The loudest of all are snowplows, but it’s a sound I find comforting, especially in the night. My first winter here, when I heard my first snowplow scrape the highway, I thought, “I’m home.”

That’s not a Southern California sound.


Snowplow on a Pass — I don’t know which one.





I Heart Deserts

“This isn’t desert. I take you to Saudi. There is desert. No plants.”

Arab students on a school field trip to the Anza Borrego Desert. How to explain to a desert dweller that the word “desert” has a scientific determination that doesn’t include “no plants?”

I like deserts. I like the light in the deserts, the mystery, the discomfort, the harsh little plants that are often incredibly fragrant, the opportunistic blossoms, the creatures who live there. It’s all great to me. The first couple of years I lived in San Diego we had a VW pop-top camper van and that was great for camping in the desert. Good clearance, good traction, self-contained sleeping quarters — sure it smelled a little like gasoline back there, but hey…  I wish I had that camper now.

When it rained, the ocotillo would blossom — red and beautiful and attracting hummingbirds. In spring the desert would be carpeted with wildflowers. Rainstorms could bring down enormous palm trees in flash floods. Deserts are just one extreme after another and sometimes that extreme is extreme heat under which everything waits as if under the hand an oppressor. One of my favorite spots in the Anza Borrego Desert is Mountain Palm Springs. I have hundreds of photos of it on my dead laptop (rip). The one below isn’t mine.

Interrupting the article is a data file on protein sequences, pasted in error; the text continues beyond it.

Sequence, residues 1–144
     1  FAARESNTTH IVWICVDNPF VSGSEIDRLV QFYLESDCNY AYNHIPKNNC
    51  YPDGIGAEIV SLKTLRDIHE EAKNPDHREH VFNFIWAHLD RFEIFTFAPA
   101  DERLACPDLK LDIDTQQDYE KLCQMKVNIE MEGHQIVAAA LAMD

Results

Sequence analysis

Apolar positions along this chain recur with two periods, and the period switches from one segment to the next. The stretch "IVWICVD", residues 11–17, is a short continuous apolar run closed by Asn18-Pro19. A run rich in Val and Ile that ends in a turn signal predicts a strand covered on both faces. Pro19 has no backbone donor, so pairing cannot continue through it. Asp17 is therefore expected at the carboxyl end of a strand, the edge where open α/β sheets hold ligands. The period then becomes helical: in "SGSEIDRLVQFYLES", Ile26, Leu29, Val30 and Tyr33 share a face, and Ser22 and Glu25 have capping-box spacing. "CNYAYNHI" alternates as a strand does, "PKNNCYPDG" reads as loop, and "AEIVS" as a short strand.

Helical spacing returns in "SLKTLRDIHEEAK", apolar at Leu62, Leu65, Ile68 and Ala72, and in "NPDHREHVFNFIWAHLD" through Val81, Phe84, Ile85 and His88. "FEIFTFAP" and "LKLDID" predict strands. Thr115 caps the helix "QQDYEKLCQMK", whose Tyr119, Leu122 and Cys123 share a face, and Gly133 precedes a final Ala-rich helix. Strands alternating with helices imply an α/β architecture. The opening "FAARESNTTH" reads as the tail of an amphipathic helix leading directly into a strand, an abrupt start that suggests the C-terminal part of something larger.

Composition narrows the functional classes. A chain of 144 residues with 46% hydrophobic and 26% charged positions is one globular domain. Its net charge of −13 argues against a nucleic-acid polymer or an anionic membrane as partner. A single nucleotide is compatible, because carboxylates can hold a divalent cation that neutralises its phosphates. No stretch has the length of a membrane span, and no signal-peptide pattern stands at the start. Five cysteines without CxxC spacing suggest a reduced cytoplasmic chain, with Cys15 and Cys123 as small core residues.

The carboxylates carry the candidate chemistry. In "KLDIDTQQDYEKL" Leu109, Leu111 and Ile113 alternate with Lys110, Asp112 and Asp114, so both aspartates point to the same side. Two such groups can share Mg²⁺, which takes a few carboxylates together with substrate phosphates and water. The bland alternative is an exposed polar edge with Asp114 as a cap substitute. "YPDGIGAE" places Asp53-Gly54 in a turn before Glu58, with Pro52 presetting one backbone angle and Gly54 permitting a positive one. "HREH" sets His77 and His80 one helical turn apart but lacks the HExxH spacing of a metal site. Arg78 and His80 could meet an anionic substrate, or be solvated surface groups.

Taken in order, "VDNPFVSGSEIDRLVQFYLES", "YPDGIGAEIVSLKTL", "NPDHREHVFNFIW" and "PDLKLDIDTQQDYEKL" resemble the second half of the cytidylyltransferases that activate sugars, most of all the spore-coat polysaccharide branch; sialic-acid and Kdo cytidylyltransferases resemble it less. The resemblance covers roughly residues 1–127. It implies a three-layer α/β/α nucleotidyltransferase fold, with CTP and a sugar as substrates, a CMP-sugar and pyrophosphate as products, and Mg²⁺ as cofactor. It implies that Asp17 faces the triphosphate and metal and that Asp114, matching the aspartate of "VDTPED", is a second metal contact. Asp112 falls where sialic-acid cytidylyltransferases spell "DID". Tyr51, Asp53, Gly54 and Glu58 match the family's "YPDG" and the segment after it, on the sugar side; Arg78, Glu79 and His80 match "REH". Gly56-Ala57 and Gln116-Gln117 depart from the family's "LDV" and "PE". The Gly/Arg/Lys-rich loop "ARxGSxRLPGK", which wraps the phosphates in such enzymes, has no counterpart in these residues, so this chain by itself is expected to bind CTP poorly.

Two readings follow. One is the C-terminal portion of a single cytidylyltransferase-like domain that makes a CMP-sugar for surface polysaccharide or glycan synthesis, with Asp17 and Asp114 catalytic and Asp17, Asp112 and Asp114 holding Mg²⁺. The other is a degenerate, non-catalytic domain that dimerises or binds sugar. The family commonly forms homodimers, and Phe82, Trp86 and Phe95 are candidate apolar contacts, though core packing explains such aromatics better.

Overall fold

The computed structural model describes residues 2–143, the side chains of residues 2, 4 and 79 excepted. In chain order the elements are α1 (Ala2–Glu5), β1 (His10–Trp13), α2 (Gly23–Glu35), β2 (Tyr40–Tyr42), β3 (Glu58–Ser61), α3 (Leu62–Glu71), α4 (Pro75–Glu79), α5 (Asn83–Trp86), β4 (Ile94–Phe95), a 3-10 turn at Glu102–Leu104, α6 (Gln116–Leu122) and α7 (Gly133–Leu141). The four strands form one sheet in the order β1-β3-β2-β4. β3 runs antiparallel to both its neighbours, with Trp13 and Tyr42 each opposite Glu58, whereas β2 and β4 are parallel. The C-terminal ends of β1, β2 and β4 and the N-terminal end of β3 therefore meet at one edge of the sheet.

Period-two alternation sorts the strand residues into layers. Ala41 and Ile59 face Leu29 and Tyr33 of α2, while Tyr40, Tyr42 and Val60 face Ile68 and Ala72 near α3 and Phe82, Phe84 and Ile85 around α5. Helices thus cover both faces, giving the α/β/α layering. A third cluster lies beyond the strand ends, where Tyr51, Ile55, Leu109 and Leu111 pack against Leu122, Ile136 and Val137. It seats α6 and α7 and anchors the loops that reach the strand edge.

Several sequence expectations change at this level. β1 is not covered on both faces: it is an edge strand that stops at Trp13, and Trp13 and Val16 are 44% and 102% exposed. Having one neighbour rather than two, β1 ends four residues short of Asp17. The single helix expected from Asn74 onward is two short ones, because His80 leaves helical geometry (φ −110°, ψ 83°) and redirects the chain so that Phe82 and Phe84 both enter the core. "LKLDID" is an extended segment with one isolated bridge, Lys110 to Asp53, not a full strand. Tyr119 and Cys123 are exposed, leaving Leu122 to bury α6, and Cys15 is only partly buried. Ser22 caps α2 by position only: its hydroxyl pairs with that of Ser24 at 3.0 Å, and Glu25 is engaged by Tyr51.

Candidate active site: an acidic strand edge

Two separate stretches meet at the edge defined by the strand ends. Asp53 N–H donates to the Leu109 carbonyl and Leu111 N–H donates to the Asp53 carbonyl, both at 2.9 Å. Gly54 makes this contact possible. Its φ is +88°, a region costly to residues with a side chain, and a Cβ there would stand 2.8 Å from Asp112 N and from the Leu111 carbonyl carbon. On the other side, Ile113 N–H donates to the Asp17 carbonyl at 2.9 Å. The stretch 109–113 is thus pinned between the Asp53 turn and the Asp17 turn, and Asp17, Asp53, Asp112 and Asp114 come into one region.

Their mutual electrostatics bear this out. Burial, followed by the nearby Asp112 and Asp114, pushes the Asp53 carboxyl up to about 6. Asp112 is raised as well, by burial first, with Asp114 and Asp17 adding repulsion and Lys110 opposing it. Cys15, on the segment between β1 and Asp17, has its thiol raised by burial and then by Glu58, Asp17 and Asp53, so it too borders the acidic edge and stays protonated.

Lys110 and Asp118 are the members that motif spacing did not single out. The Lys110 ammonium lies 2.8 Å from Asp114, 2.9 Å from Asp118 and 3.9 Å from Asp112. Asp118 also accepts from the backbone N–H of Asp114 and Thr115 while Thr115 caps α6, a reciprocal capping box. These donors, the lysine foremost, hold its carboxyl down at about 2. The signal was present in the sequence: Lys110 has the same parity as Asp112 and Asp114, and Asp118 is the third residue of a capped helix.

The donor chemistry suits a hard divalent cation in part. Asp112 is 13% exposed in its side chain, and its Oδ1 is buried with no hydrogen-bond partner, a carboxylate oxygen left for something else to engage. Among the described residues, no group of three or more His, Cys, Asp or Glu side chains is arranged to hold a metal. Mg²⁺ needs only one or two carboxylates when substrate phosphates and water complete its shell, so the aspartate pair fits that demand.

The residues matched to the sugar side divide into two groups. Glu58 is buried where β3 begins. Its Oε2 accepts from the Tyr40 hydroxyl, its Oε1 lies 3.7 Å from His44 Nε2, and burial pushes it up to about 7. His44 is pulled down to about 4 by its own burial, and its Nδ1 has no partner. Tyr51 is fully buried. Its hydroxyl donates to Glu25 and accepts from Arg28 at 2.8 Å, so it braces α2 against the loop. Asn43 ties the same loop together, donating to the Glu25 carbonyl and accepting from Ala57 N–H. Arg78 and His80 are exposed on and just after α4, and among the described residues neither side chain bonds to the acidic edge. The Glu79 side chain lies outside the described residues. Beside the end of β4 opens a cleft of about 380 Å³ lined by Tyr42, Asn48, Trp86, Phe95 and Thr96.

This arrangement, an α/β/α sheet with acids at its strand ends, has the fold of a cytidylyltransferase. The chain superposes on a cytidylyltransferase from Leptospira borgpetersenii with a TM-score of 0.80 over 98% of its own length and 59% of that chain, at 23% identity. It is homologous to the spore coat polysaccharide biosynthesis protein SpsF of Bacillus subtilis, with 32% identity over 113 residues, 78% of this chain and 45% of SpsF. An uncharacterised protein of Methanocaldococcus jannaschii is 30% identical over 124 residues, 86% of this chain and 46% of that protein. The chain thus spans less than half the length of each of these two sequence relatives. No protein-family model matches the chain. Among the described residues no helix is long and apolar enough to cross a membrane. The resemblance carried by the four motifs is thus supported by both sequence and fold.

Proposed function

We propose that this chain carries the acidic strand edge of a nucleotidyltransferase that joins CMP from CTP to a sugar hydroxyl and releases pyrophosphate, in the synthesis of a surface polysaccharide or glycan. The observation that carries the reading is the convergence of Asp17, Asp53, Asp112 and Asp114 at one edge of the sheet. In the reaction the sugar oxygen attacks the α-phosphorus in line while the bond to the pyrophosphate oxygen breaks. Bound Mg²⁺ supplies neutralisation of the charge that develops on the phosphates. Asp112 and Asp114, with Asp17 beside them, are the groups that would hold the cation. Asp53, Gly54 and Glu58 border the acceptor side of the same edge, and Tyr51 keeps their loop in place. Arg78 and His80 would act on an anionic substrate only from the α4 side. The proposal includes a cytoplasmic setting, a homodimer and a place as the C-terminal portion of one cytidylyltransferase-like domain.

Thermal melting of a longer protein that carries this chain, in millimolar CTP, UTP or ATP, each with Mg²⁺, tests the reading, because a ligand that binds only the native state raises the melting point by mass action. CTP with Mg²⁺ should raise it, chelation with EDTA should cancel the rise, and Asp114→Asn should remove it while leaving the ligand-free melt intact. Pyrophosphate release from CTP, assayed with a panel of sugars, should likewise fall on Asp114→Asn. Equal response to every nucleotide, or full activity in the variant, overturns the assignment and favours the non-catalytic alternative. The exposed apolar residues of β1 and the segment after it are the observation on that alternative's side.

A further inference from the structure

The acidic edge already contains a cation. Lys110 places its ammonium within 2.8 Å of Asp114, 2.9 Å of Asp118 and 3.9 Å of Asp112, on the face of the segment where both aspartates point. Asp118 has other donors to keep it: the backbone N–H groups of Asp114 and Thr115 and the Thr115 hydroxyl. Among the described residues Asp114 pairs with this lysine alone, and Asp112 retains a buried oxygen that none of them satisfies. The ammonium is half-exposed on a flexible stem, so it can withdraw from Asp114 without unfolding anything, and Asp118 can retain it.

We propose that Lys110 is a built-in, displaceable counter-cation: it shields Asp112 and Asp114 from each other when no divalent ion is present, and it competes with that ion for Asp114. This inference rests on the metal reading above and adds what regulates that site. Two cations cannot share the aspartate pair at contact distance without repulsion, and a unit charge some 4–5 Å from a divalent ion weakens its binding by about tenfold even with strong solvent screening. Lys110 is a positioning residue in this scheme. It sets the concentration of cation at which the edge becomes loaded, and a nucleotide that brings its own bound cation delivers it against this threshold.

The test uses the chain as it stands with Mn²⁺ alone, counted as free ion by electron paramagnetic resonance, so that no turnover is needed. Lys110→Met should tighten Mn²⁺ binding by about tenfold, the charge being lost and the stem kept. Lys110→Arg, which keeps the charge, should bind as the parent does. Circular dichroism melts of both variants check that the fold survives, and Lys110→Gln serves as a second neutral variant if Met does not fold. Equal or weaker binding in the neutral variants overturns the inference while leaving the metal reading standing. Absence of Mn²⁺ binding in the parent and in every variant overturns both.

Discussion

Where I live now it’s called a “desert” too. I am sure none of my Saudi students would buy that driving by fields of blooming potatoes and waving barley, electric yellow canola blossoms and clover fields, such as those we passed yesterday to reach Great Sand Dunes National Park. The stream running in front of the dunes is sometimes high and fast enough for people to ride a boogie board or inner tube. All around it are mountain plants and animals — antelope, deer, elk, mountain lions, etc. and, uh, mountains. The dunes are eons of sand blown across the San Luis Vally from the San Juan Mountains on the western edge and trapped by the Sangre de Cristo Mountains.

And, of course, this is my all-time favorite movie. 🙂


Short Mountains

I’m 5’1″ and I used to be cute, I mean cute as in young woman cute not cute as in old lady cute. I’m also very smart. I know this because it’s been measured numerous times and I really had no significant problems surmounting the hurdles of academic life even though I didn’t try very hard or like it very much. I’m also (here’s a nasty word) “creative.” I’m also very serious about what matters to me BUT I might laugh about it and enjoy it. In spite of being small, I was always, also, physically strong with good endurance and speed. I am also very independent, generally optimistic, like to laugh and have a comparatively “out there” (meaning irreverent) sense of humor. In short, I’m a formidable entity in a short body.

None of this is bragging. I look at it all as the result of a genetic soup that I had nothing whatever to do with. I only hope I did pretty OK with it because it was a nice gift. One of the most difficult parts of this, though, was (and is!) being taken seriously by other people. The men with whom I worked — those in my generation in particular —  could be very obnoxious. Because I am little and cute, many of them actually patted me on the head, stood too close, and often hit on me. Female co-workers disdained me because I was not as “serious” as I should be (hard to be “serious” when you spend every day of your life doing EXACTLY what you love to do) and they (unconsciously?) assumed that a petite, playful person who likes to laugh is not working, does not care, will not do well, is not paying attention. Somehow, on some level, I believe I came across as a child to my colleagues.